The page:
ALBANY -- A cookbook five years in the making is finally ready for anyone needing some extra help in the kitchen.
The Hungarian Settlement Historical Society, which is dedicated to the historical preservation of the Hungarian community in Albany, Louisiana, recently released its first-ever cookbook.
The cookbook, which features several hundred unique dishes from more than 100 contributors, is now on sale for $20 each (not including a $3 postage fee for one book or a $5 postage fee for two books).
Books can be purchased at the Hungarian Museum, located at 27455 La. Hwy. 43, during regular hours of operation. They can also be ordered online by visiting www.hungarianmuseum.com.
“There’s something for everyone in there,” said Alex Kropog, president of the Hungarian Settlement Historical Society and one of the book’s organizers.
Featuring Hungarian dishes as well as a wide variety of American recipes from local chefs, the “Hungarian Settlement Historical Society Cookbook” is comprised of approximately 283 pages, 675 recipes and 135 contributors as well as many helpful cooking tips throughout.
It begins with sections explaining the history of the Hungarian Settlement — the largest rural settlement of Hungarians in the country — and another on paprika, which the book fondly refers to as “the favorite spice of Hungary.”
“That’s a mainstay of Hungarian dishes,” Kropog said.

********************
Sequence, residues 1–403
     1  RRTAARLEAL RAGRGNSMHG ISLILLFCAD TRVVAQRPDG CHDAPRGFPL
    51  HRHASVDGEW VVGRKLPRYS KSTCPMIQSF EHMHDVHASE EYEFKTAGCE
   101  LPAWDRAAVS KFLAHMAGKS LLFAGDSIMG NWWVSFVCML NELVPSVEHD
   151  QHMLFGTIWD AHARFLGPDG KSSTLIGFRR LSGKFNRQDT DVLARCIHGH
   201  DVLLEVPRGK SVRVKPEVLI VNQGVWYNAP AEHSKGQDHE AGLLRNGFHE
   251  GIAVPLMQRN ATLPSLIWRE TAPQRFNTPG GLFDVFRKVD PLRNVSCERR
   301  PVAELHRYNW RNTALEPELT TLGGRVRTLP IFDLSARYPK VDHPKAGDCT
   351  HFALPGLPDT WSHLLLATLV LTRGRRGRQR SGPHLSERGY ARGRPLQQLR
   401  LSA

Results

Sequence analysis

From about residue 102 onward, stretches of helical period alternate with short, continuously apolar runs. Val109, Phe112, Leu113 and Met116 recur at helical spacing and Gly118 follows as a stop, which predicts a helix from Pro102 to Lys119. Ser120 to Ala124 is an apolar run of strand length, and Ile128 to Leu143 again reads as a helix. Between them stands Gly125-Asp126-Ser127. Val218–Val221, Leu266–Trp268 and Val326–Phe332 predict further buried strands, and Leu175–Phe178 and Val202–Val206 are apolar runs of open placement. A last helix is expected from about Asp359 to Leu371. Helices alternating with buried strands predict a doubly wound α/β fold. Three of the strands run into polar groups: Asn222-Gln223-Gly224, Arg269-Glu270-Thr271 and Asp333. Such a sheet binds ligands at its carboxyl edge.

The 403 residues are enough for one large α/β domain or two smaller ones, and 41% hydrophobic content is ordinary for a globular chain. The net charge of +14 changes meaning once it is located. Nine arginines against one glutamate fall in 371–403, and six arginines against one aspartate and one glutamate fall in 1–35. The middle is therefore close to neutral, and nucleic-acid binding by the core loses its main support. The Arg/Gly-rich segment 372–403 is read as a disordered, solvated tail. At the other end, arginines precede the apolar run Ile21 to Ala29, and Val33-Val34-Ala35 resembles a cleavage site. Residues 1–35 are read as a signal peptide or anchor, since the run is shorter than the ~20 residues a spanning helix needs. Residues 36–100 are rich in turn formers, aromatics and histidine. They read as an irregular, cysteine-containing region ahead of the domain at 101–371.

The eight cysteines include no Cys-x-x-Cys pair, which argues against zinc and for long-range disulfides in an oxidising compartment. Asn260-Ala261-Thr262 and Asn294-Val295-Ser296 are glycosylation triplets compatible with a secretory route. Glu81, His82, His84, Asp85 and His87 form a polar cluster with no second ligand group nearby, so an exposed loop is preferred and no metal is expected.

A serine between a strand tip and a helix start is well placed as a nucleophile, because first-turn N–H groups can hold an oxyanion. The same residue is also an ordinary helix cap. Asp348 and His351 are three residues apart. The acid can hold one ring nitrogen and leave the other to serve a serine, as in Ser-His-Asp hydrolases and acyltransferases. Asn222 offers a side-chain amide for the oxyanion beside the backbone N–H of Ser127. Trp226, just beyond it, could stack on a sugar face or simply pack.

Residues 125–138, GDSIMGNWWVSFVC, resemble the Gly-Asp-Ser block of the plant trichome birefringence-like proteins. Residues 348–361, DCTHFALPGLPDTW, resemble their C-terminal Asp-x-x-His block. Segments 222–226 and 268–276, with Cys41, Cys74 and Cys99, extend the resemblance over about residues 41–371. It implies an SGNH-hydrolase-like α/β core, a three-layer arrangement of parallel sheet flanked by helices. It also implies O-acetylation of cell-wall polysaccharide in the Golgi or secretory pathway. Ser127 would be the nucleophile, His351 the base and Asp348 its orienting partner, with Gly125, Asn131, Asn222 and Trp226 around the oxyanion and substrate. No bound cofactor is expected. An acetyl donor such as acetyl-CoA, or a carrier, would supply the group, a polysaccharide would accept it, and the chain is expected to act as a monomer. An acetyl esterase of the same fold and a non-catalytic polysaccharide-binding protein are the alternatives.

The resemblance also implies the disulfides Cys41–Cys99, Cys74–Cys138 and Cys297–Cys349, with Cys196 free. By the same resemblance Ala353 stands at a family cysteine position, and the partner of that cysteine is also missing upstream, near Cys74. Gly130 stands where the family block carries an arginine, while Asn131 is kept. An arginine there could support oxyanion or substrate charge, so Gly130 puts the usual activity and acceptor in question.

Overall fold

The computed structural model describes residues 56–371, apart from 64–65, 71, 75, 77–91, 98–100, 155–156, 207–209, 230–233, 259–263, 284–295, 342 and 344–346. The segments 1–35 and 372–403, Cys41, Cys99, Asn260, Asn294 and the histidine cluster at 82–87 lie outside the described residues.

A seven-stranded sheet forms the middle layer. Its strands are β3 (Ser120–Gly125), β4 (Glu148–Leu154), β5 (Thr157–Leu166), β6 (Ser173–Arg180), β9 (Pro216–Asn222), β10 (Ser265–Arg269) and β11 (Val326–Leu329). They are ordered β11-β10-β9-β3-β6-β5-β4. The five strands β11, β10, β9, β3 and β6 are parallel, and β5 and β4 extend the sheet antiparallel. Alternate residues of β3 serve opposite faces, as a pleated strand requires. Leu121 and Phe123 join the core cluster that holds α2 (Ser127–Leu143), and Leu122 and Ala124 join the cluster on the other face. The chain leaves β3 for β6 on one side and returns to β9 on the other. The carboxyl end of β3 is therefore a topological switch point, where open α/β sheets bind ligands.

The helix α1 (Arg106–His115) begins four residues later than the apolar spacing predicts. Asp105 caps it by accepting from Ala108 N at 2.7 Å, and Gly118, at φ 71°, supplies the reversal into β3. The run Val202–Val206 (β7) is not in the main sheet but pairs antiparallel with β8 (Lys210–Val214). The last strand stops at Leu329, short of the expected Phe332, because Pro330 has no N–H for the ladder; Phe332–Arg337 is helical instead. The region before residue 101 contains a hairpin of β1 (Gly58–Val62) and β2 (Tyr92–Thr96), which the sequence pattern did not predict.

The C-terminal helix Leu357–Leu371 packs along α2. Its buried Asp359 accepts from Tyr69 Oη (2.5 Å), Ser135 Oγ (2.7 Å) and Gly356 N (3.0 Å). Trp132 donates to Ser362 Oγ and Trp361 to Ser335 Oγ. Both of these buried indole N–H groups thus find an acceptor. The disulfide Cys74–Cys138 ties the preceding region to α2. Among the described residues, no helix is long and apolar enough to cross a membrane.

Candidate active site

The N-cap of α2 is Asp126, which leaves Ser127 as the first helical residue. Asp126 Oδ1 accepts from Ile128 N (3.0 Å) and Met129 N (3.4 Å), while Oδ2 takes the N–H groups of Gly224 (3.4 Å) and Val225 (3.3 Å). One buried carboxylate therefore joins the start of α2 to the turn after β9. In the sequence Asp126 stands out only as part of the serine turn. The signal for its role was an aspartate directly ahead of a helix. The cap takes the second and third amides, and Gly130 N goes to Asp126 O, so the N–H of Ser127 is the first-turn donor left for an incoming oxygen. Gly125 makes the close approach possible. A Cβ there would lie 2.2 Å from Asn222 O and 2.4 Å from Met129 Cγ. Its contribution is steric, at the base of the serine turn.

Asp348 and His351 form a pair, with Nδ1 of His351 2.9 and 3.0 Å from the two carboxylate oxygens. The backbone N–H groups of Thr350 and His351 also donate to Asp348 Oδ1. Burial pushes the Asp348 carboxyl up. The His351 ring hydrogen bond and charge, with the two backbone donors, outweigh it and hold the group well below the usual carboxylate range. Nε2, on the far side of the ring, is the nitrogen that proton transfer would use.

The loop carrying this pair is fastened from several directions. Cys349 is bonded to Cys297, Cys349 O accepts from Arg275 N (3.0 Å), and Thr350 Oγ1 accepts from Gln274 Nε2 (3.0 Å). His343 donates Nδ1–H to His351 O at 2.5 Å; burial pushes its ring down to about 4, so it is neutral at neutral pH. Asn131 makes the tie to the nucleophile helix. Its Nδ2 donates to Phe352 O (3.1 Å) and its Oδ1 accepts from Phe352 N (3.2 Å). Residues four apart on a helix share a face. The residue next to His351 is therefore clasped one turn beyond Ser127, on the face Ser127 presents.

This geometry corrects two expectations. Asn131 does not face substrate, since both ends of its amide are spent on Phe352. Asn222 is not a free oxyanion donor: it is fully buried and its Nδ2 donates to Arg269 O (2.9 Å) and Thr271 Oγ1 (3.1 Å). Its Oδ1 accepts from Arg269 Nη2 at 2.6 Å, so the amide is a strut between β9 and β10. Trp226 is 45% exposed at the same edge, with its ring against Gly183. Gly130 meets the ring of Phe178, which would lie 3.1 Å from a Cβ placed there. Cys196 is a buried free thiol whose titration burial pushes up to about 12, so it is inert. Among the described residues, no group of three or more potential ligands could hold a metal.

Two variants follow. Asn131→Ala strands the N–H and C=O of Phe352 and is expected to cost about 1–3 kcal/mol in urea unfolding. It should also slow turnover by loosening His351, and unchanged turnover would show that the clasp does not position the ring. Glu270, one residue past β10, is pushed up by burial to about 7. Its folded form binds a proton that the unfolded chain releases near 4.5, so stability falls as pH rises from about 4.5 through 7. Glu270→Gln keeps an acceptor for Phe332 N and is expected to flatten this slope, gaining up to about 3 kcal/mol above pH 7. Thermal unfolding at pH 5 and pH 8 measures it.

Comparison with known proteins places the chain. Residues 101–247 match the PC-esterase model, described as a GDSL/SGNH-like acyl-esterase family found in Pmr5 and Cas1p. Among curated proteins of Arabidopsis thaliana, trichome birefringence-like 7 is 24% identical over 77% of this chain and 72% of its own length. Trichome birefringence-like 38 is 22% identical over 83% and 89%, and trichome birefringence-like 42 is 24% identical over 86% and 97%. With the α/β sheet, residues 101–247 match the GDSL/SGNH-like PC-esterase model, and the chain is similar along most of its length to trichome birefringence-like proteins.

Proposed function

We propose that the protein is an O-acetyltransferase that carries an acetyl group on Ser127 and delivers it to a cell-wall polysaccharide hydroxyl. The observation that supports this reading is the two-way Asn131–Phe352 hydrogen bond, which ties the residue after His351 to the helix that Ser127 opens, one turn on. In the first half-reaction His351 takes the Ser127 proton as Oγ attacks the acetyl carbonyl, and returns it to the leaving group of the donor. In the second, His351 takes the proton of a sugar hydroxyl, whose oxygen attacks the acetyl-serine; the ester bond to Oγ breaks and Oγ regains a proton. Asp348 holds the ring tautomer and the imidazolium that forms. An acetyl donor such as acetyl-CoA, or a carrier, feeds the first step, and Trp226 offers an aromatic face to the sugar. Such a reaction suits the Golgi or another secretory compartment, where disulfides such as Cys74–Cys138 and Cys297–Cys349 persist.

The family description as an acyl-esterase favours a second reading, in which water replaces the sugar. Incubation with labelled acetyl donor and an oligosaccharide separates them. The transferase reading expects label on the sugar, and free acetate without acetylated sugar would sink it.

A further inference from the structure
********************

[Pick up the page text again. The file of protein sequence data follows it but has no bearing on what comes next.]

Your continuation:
The cookbook is divided into nine different sections: Hungarian; Appetizers and Beverages; Soups and Salads; Vegetables; Main Dishes; Breads and Rolls; Desserts; Meats; Miscellaneous. There is also an Index of Contributors and an Index of Recipes.
The book’s cover — a drawing of the Hungarian Settlement Museum encircled with the Hungarian poppy flower and peppers — was designed by local artist Irene DeMars, while the text in the book was put together by a group of volunteers.
It was a process Juliana Roberson certainly won’t forget.
“It was like I had to cook every one of those recipes myself,” Roberson said with a laugh. “Some were handwritten, so you had to reorganize the recipes so people could understand. It was a lot of typing. Then [the Kropogs] came back and edited it about five times.”
Books can be purchased at the Museum from 10 a.m. - 4 p.m. on Tuesdays, Fridays, and the second Saturday of each month.